Thursday, February 28, 2008

Poem of the Week 2/25/2008: My Last Duchess

My Last Duchess

That's my last Duchess painted on the wall,
Looking as if she were alive. I call
That piece a wonder, now: Frà Pandolf's hands
Worked busily a day, and there she stands.
Will 't please you sit and look at her? I said
'Frà Pandolf' by design, for never read
Strangers like you that pictured countenance,
The depth and passion of its earnest glance,
But to myself they turned (since none puts by
The curtain I have drawn for you, but I)
And seemed as they would ask me, if they durst,
How such a glance came there; so, not the first
Are you to turn and ask thus. Sir, 't was not
Her husband's presence only, called that spot
Of joy into the Duchess' cheek: perhaps
Frà Pandolf chanced to say, 'Her mantle laps
Over my lady's wrist too much,' or 'Paint
Must never hope to reproduce the faint
Half-flush that dies along her throat:' such stuff
Was courtesy, she thought, and cause enough
For calling up that spot of joy. She had
A heart -- how shall I say? -- too soon made glad,
Too easily impressed; she liked whate'er
She looked on, and her looks went everywhere.
Sir, 't was all one! My favour at her breast,
The dropping of the daylight in the West,
The bough of cherries some officious fool
Broke in the orchard for her, the white mule
She rode with round the terrace -- all and each
Would draw from her alike the approving speech,
Or blush, at least. She thanked men, -- good! but thanked
Somehow -- I know not how -- as if she ranked
My gift of a nine-hundred-years-old name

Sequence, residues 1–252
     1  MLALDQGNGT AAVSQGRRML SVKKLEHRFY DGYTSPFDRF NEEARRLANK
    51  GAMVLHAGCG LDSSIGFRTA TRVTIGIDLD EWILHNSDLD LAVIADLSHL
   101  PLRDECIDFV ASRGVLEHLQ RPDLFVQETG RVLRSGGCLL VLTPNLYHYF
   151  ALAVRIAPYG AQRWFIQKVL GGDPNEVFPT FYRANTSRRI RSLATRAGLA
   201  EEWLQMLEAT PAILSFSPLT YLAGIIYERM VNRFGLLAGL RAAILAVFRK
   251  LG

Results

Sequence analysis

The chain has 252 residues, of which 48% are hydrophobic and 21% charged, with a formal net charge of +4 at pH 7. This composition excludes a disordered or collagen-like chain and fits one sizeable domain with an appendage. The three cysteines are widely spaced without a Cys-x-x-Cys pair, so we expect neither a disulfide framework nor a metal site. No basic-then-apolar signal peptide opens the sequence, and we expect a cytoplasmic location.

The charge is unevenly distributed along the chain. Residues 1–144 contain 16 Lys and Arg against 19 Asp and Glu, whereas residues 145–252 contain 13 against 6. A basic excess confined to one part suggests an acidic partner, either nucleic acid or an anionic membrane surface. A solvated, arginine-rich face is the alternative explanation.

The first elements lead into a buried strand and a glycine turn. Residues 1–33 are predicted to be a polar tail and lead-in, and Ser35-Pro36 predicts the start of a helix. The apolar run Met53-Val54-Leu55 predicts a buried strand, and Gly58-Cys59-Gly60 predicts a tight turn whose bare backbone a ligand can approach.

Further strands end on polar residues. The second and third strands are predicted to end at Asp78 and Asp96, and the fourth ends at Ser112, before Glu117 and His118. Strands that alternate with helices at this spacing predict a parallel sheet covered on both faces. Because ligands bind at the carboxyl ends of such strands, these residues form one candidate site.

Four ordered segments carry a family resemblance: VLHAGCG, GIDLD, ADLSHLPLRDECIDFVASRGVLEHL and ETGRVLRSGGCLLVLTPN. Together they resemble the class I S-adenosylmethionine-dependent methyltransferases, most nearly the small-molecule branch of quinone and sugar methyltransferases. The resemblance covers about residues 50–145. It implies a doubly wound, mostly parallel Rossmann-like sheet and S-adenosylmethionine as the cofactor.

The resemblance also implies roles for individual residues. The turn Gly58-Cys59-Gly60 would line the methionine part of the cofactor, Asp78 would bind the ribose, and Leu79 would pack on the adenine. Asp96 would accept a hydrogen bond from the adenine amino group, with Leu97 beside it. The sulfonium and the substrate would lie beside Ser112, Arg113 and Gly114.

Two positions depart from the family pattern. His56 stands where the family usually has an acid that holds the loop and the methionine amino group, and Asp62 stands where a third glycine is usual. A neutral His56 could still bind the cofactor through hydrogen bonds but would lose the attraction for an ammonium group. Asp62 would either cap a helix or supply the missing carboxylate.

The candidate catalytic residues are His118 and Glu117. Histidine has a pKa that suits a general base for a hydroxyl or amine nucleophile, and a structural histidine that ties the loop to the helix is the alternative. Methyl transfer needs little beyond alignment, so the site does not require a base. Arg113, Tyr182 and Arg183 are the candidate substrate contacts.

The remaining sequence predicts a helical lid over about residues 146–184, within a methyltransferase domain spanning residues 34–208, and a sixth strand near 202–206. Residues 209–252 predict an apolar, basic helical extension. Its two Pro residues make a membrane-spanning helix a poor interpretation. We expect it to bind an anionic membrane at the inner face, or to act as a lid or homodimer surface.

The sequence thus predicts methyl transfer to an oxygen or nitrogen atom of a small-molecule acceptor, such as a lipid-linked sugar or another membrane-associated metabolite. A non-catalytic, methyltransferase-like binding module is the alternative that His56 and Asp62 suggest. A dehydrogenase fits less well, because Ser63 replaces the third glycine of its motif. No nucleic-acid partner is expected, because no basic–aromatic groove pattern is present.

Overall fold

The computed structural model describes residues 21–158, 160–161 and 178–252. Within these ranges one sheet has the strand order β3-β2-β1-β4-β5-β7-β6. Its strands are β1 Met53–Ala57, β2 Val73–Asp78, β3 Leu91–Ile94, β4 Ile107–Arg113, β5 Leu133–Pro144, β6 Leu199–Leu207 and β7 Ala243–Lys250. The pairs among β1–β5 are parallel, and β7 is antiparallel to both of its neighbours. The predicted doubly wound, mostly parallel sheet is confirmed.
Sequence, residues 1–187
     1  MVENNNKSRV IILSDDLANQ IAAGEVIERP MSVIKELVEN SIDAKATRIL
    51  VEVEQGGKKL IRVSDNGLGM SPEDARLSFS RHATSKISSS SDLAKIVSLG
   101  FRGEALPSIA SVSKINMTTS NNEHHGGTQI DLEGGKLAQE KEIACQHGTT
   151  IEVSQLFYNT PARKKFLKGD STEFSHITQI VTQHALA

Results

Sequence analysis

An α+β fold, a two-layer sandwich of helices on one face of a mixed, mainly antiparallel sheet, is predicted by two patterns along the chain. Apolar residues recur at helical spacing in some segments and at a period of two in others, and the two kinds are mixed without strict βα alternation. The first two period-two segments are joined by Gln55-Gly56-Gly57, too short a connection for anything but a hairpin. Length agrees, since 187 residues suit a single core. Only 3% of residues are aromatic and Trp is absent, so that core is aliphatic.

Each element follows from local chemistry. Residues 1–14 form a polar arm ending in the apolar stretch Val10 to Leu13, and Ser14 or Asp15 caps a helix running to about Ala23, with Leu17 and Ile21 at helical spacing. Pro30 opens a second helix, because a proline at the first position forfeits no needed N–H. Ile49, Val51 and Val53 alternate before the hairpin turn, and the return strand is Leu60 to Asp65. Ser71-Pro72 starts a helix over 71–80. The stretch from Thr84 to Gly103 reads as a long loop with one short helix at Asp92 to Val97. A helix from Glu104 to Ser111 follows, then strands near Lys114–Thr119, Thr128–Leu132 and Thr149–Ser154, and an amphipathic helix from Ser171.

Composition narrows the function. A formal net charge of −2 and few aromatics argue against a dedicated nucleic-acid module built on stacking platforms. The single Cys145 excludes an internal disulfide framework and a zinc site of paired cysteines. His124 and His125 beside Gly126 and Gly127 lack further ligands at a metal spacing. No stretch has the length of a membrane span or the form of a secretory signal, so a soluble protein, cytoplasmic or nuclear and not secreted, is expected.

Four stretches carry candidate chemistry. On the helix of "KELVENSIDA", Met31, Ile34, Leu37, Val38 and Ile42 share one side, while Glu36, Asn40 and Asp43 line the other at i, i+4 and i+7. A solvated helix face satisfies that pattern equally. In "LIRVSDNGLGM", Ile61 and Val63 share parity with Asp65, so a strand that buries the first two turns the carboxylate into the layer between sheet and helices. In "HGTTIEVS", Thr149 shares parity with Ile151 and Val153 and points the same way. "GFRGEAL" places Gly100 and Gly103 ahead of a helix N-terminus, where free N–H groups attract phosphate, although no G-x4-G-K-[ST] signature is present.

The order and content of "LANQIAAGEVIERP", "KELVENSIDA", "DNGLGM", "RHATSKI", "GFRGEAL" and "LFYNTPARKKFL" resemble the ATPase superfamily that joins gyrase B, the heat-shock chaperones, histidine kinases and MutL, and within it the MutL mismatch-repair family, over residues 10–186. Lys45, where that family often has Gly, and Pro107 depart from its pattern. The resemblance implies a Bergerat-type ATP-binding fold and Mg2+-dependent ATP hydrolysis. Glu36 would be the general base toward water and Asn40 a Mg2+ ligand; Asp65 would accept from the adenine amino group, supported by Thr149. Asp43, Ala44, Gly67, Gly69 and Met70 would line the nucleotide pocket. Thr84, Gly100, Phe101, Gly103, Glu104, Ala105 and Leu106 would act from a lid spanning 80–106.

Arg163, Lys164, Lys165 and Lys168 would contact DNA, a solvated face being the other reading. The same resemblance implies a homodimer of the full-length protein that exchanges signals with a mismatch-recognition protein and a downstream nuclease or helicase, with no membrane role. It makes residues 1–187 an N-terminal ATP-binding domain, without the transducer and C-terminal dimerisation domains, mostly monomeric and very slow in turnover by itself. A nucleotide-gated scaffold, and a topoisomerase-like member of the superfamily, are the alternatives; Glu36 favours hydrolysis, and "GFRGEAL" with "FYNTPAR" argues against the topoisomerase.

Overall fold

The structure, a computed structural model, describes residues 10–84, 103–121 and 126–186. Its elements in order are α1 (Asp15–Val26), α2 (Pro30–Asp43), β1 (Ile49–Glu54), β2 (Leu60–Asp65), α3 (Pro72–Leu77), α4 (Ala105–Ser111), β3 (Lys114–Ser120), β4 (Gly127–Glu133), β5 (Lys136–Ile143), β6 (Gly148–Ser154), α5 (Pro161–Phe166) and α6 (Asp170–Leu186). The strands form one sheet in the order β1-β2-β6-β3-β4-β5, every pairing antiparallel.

With anybody's gift. Who'd stoop to blame
This sort of trifling? Even had you skill
In speech -- (which I have not) -- to make your will
Quite clear to such an one, and say, 'Just this
Or that in you disgusts me; here you miss,
Or there exceed the mark' -- and if she let
Herself be lessoned so, nor plainly set
Her wits to yours, forsooth, and made excuse,
-- E'en then would be some stooping; and I choose
Never to stoop. Oh, sir, she smiled, no doubt,
Whene'er I passed her; but who passed without
Much the same smile? This grew; I gave commands;
Then all smiles stopped together. There she stands
As if alive. Will 't please you rise? We'll meet
The company below then. I repeat,
The Count your master's known munificence
Is ample warrant that no just pretence
Of mine for dowry will be disallowed;
Though his fair daughter's self, as I avowed
At starting, is my object. Nay, we'll go
Together down, sir. Notice Neptune, though,
Taming a sea-horse, thought a rarity,
Which Claus of Innsbruck cast in bronze for me!

Robert Browning

Along with Chaucer and James Joyce, Robert Browning is one of the great portrait authors of the English Language. Each of them writes a person who can speak straight out of the page; the poem becomes more like a conversation, or meeting somebody at a party than it does some kind of Literary Exercise, or Diorama of Life. See if you can catch the dark turn of the poem, about 15 lines from the end!